Yesterday for language study I was reading chapter 23 of the teachings of Howard W. Hunter. It was pretty cool, and gave me a little boost as it talks about how no one is less useful (I may not have the translation correct as I have no clue what it is in English. So this is what I got out of it with my limited Italian knowledge). Every act of service we do is important to our Heavenly Father, even if it is only known by us and him. President Hunter was asked by a friend “which is the position or calling more elevated: that of a dear and trusted friend or that of a prophet of God?” To which he replied “both are sacred positions of trust”. I loved that! No matter who we are, we matter and it’s where we need to be. We don’t have to have a profound calling of high responsibility to feel significant or needed. Callings or responsibilities should not define us, just as an apostle said recently (I’m awful at remembering who said what and when!) that the thing by which we should define ourselves is that we are children of God. That’s what’s important, we are all significant in his eyes and it doesn’t matter if we influence a nation or just ourselves. The important thing is we made the best of what we got and did as God asked of us. President Hunter then went on to talk about the unsung heroes of the scriptures, starting with Sam. When Lehi is talking to each of his children before his death, he promises Sam exactly the same things as he promises Nephi. Sam’s call wasn’t the same as Nephi, but was to sustain and support him. He was diligent in that, and because he did what was asked and expected of him he received the greater blessing. We shouldn’t let titles or fame define us, in fact it can be a dangerous place to be! Equally we must be careful who we follow and look up to, especially in a world of shifting values and distorted ideals. “We must choose our heroes and examples wisely whilst thanking those legions of friends and citizens that are less famous but who aren’t less useful”. We mustn’t forget those who have influenced us more than we realise: the teachers we had at school, and that friend who was there for you when no one else was, or that smile that that stranger gave you on the bus when you really needed it. I hope that all of you realise how significant you are, you are the child of the most high God.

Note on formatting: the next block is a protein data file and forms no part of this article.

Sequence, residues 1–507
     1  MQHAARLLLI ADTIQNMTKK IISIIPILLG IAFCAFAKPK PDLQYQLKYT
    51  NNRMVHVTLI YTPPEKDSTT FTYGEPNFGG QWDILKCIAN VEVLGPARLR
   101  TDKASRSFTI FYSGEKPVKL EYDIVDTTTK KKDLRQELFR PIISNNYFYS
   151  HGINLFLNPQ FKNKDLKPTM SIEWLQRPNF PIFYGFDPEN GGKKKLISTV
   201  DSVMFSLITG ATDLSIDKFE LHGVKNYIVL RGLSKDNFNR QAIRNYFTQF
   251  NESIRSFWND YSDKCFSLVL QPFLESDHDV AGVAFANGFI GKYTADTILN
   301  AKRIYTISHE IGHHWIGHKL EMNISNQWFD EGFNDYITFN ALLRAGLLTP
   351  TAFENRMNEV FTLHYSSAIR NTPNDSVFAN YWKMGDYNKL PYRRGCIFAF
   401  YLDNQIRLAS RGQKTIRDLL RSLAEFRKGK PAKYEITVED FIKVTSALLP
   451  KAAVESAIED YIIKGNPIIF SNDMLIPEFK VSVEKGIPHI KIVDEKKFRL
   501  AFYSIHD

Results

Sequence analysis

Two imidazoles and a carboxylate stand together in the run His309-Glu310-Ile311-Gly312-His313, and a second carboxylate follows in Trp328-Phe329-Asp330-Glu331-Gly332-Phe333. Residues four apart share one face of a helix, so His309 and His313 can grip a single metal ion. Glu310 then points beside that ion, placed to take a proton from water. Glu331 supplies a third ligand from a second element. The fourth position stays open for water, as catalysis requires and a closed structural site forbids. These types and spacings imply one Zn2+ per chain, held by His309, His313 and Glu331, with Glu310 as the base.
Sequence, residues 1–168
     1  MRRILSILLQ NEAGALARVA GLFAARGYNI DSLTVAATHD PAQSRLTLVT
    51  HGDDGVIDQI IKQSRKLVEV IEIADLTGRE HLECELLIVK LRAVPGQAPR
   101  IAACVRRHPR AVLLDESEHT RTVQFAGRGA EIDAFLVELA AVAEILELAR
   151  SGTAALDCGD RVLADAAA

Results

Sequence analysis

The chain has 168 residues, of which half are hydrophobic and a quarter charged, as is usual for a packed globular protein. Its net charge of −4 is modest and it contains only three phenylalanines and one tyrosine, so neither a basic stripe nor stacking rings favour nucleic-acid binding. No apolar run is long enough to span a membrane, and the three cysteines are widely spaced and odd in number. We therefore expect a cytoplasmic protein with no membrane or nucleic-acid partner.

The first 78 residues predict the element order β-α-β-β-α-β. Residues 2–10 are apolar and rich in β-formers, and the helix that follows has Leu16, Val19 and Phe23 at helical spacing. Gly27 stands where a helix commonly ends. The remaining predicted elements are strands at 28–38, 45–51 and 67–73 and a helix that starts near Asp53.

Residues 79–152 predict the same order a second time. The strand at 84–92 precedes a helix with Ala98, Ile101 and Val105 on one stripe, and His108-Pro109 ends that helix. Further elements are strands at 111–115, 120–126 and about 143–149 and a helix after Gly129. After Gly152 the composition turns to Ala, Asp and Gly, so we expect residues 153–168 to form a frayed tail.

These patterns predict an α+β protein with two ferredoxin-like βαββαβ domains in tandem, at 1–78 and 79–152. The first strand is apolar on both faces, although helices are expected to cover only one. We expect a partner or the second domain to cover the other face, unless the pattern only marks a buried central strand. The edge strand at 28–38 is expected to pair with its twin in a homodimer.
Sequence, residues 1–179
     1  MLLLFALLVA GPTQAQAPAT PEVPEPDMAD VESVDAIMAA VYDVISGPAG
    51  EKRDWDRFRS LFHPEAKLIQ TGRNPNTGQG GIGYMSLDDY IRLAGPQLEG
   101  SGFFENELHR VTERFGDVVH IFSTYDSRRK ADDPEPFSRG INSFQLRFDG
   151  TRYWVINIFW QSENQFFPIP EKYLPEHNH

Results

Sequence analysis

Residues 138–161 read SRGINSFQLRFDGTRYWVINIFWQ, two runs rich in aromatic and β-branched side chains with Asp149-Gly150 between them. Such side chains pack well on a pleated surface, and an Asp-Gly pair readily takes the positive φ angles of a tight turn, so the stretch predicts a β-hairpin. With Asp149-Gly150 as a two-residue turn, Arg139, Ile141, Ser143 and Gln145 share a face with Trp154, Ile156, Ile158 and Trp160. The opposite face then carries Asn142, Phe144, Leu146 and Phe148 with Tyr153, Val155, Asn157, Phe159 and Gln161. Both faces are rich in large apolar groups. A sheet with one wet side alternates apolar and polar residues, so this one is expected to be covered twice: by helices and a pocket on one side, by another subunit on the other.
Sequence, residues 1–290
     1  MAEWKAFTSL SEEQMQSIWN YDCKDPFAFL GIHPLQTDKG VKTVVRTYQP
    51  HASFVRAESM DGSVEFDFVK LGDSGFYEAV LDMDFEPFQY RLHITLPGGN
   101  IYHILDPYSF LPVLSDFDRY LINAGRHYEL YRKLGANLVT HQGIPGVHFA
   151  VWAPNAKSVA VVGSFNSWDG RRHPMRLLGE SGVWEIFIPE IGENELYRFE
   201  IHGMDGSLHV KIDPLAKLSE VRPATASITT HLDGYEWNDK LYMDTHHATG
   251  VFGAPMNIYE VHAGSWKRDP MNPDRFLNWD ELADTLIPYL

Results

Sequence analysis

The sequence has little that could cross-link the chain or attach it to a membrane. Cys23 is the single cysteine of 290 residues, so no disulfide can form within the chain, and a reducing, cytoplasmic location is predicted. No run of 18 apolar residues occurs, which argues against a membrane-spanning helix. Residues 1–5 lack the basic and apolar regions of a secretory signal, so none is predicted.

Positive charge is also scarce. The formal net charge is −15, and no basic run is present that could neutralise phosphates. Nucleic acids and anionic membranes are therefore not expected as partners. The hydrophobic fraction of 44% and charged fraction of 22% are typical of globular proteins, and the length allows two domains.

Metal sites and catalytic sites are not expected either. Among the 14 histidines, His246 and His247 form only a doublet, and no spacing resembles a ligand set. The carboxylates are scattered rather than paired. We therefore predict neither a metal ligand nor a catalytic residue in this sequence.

I read a box-breaky talk by President Hinckley from the October 1994 priesthood session called “Don’t Drop the Ball”, but as Anziano Jensen or Yskes would’ve said “it was swag”. He uses examples from baseball and American football so I couldn’t fully appreciate them but I got the main point. He talks about how one slip can change everything, how a really good baseball player dropped the ball once at a really important time thus loosing the game and now that’s what he is remembered for despite carrying on being a really good player. He talked about how every decision is important as it leads to others which in turn can change the course of our eternal lives, “today is a part of eternity”. I don’t know about you, but I often think that this life is preparatory for our eternal one. But in reality I forget that eternity is now, and I am living a part of my eternal life already. There were two pretty poignant paragraphs in his talk which seemed to sum up his point “The Lord is forgiving, but sometimes life is not forgiving. In the world in which we walk we must be careful. The temptations are tremendous. We all know about them. The little decisions can be so crucial and so everlastingly important in their consequences.” That hit me hard. I often think of the Atonement as an eraser, which it can be but only really in terms of our spiritual salvation and healing of the soul. It doesn’t cover the consequences we have to face in reality, that’s the difference between mercy and justice, as mercy cannot rob justice. We have to be accountable for our actions, and we can’t expect not to be given temporal consequences even if the spiritual consequences have been lifted.
One of our investigators called us and told us that all of a sudden she has a huge desire to read the bible, and asked if we could bring one. So we ventured down to the dungeon known as the bookstore in the basement of the chapel and all that we could find in English was the biggest bible possible to buy. So we turned up to teach her and gave her the bible and said that soon we could get her a normal size one which we’d have to order but she said “when it comes to the bible, the bigger the better! Can I keep it?” When we said yes, the picked it up and raised it above her head and exclaimed “my bible” and half screamed!
Sadly we said goodbye to a member of our district who was transferred… it was sad to say goodbye to the trio! But we went and had burgers as a goodbye! Gonna miss Anziano Campbell.
After travelling for 90 minutes to get a bidone (when they don’t show up) we were waiting for the bus talking to this woman who told us that we were egotistical because we do things for our own salvation… I couldn’t think of anything less selfish to be doing right now! That was the day when nothing went to plan…!
Then we had Stake Conference in a hotel yesterday as Elder Paul V. Johnson came to call a new Stake President, it was really cool to see some missionaries I haven’t seen in a while and the happy news that Y will be baptised this Saturday! Ahhh! Good things are coming!
We went to the pantheon today, which is pretty cool, as well as the Trevi fountain again!! Just another Pday running around Rome, I feel so blessed!
Have the best week ever,
Vi voglio bene,
Sorella Maja Tacchi xxx